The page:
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Moon: August 2017



During the total solar eclipse on Aug. 21, NASA's Lunar Reconnaissance Orbiter, or LRO, captured an image of the Moon's shadow over a large region of the United States, centered just north of Nashville, Tennessee.


The moon is likely very dry in its interior according to a new study from researchers at Scripps Institution of Oceanography at the University of California San Diego, published August 21, 2017 in the Proceedings of the National Academy of Sciences.


A novel mission concept involving two CubeSats connected by a thin, miles-long tether could help scientists understand how the Moon got its mysterious "tattoos" -- swirling patterns of light and dark found at more than 100 locations across the lunar surface.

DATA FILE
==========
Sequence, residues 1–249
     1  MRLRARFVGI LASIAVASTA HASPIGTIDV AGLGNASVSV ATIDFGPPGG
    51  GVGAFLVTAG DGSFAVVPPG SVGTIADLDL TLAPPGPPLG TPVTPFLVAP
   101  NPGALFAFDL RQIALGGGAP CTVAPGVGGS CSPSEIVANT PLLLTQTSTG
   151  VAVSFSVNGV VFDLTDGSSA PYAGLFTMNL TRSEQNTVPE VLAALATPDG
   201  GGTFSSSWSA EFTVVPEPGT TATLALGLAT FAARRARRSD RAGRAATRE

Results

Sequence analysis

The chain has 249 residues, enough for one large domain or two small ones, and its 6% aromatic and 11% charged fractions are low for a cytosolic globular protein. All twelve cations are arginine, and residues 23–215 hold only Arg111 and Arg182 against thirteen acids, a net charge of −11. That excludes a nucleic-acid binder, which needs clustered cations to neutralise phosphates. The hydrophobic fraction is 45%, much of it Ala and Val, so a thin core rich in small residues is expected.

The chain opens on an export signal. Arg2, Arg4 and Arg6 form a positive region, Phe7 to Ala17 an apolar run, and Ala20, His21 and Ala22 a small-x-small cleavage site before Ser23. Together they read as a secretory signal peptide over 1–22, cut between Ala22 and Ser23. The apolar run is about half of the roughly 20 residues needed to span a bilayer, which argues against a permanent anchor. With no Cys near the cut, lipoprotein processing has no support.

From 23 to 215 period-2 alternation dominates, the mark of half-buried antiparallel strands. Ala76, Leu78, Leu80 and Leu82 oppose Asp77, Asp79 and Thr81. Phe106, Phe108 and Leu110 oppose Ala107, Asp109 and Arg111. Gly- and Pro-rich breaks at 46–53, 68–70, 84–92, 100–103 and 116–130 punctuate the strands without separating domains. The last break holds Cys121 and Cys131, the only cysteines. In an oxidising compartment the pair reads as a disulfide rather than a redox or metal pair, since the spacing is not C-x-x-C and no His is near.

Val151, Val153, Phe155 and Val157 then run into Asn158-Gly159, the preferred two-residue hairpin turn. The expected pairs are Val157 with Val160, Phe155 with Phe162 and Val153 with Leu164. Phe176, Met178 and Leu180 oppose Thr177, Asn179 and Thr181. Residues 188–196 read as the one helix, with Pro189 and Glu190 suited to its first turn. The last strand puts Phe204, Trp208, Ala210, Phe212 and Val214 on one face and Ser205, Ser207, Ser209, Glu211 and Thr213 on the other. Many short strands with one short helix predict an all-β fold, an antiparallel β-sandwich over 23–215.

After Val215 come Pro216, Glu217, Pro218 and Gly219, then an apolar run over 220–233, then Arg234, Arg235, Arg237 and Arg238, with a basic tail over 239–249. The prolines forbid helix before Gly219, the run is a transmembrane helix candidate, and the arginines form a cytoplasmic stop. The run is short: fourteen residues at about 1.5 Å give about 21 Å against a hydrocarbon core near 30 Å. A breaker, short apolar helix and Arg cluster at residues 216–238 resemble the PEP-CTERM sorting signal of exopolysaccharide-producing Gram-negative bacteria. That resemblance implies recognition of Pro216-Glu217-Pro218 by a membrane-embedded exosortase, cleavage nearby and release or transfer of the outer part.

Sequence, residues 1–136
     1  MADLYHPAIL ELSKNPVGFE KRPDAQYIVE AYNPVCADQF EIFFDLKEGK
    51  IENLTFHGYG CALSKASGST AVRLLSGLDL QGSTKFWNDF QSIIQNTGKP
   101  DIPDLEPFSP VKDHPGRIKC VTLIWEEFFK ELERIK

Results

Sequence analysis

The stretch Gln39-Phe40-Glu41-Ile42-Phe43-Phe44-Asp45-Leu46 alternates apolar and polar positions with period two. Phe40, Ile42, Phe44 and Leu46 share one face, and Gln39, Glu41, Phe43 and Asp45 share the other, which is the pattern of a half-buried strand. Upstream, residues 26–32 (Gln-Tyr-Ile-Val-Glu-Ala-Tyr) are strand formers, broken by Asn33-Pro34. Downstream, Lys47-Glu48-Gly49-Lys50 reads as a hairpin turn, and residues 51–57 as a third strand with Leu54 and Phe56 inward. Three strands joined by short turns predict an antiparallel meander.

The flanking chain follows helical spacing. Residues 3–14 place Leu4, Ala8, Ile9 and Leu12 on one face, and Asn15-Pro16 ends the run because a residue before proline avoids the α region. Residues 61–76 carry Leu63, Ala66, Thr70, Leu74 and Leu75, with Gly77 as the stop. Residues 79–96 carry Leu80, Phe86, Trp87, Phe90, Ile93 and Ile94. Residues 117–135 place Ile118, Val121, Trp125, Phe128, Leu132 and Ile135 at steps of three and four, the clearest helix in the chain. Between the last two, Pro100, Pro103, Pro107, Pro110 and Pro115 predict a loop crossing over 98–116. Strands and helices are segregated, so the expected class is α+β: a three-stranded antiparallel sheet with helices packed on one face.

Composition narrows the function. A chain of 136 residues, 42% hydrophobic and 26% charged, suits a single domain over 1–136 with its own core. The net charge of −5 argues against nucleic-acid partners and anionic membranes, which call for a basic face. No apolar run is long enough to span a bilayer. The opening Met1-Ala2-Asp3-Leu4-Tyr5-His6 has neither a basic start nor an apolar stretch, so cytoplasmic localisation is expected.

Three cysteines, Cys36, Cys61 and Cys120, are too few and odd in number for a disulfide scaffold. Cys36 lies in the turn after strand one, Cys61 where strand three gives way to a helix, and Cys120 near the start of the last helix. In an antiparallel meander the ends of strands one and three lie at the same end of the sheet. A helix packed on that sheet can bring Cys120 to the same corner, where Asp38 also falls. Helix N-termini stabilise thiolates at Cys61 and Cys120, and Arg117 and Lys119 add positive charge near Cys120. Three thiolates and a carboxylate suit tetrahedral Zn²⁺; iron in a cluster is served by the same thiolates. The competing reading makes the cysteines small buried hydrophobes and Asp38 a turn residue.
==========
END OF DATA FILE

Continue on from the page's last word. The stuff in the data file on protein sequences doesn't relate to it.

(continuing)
As the public prepares for the upcoming eclipse, astronomers have released a striking new radar view of the Moon.


New evidence from ancient lunar rocks suggests that an active dynamo once churned within the molten metallic core of the moon, generating a magnetic field that lasted at least 1 billion years longer than previously thought.


NASA Astronaut Randy Bresnik: "Gorgeous moon rise! Such great detail when seen from space. Next [New] moon marks #Eclipse2017. We'll be watching from the International Space Station."